You can expect them to go from omnivores to carnivores around when they begin to sprout legs. Their shrinking tails will provide nutrition for them too, so it’s normal if they eat less or not at all as it shrinks.
Once you see legs, it’s your sign to try dropping in an occasional dead insect, like fruit flies, regular flies, a dead worm, or dried bloodworms to see what they go for. If it doesn’t get eaten in a couple days, scoop it out so it doesn’t decay in there.
Have fish food at home already? You can feed that to your tadpoles in the early stage before legs sprout. Check out this post other things tadpoles can eat.
Should you microwave the spinach?
I did, but only at first when their mouths were very, very tiny like and they didn’t seem to be getting any traction on a raw leaf.
New baby tadpoles feed on algae, and plants. Microwaving or steaming spinach can break it down and make it easier to eat.
I can’t remember how many weeks later I tried giving them a raw leaf, but eventually it got eaten in a day or two so I stopped trying to soften the spinach with heat!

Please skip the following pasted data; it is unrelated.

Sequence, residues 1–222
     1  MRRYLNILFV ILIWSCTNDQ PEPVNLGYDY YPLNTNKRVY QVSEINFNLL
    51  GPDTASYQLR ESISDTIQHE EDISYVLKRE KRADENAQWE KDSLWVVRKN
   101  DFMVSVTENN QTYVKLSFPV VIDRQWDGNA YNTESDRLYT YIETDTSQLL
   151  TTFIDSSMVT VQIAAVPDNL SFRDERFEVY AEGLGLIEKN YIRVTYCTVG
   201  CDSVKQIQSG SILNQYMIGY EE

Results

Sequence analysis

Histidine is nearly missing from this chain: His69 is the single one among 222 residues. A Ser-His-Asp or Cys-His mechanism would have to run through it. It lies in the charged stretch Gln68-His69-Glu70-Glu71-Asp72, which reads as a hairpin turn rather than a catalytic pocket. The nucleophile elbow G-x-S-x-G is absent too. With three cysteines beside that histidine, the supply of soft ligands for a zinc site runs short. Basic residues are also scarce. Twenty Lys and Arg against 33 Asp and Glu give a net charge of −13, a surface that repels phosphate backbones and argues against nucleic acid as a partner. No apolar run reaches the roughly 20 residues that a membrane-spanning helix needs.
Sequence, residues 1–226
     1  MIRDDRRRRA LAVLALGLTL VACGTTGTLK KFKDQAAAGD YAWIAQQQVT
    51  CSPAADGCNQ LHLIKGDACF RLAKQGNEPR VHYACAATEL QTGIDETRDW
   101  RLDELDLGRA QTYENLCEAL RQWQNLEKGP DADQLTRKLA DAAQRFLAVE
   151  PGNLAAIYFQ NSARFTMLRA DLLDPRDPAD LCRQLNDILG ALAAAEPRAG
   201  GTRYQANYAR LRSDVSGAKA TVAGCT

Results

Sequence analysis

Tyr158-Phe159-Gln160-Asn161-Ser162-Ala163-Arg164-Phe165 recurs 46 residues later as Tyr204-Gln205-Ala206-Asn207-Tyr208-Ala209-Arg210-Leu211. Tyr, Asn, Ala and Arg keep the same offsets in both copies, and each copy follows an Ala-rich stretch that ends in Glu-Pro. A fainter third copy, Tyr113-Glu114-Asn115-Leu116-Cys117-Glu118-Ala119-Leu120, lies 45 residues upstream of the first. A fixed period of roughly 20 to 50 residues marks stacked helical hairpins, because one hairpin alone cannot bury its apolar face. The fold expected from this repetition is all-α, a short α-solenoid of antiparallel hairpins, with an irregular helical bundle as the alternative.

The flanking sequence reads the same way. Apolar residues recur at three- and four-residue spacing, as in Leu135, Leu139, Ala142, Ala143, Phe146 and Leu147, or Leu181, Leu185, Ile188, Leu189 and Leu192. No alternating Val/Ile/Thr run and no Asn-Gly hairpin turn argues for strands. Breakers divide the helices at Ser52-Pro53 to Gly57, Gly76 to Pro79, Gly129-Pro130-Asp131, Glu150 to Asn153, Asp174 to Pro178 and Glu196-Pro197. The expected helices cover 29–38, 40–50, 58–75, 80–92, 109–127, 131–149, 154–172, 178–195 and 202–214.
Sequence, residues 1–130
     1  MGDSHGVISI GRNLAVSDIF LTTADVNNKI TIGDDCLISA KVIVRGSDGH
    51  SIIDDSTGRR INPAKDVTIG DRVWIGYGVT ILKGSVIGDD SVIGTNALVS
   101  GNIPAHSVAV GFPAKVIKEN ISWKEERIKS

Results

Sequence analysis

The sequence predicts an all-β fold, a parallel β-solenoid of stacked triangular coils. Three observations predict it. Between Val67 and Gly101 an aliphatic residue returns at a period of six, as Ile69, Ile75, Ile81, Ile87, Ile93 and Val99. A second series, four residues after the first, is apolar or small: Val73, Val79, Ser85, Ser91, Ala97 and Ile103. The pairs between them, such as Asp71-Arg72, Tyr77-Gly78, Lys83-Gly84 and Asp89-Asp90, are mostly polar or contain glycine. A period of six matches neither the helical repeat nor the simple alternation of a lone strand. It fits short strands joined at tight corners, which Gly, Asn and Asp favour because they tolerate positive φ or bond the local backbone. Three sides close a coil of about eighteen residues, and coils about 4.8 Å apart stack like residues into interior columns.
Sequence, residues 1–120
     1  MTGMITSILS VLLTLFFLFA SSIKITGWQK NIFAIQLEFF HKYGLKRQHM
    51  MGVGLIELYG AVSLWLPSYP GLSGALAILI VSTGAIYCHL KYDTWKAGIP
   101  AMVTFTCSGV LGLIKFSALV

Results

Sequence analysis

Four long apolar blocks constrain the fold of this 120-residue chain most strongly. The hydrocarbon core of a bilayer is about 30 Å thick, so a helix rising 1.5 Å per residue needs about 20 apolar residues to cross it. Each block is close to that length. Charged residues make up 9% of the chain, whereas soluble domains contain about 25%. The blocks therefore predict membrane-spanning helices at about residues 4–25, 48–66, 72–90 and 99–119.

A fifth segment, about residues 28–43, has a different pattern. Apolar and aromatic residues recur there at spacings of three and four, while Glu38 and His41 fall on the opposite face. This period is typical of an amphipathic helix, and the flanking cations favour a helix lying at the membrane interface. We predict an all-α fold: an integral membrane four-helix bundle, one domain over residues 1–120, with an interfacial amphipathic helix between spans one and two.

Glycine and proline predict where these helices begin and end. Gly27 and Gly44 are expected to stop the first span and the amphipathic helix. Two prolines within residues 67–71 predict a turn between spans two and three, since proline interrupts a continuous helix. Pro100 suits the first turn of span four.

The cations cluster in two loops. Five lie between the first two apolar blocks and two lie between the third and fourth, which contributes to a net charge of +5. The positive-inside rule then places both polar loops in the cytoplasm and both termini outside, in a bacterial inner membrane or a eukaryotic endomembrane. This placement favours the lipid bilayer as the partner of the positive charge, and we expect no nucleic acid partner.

When to release your frogs back into the wild
You can take your tadpoles, froglets, or full grown frogs back to the spot you took them from anytime you are over it! Ideally, wait until you can see the full process of metamorphosis and observe them losing the tail and growing the arms and legs.
Plus, how amazing to watch their diet change and see them go from water breathing to air breathing!
I’d love to hear any stories, good or bad, in the comments as well as tips you have found! I’ll update this post after we raise tadpoles again, but for now I hope this helps you feel brave enough to try it!